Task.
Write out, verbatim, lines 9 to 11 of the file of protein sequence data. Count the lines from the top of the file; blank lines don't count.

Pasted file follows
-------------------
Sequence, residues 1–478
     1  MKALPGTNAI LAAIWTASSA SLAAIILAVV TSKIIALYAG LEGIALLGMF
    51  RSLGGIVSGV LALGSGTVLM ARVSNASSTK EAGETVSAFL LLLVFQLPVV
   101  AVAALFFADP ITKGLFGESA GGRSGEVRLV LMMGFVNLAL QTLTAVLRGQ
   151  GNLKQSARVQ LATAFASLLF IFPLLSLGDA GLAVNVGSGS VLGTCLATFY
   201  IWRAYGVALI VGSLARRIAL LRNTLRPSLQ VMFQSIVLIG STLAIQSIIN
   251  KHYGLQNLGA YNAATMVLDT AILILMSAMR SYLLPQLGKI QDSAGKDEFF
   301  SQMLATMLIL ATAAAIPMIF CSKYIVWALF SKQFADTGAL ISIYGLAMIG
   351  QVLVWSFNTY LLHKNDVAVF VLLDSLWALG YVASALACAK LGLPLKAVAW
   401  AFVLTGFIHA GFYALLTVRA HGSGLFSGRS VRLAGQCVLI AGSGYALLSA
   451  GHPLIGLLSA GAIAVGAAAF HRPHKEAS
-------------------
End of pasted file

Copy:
   351  QVLVWSFNTY LLHKNDVAVF VLLDSLWALG YVASALACAK LGLPLKAVAW
   401  AFVLTGFIHA GFYALLTVRA HGSGLFSGRS VRLAGQCVLI AGSGYALLSA
   451  GHPLIGLLSA GAIAVGAAAF HRPHKEAS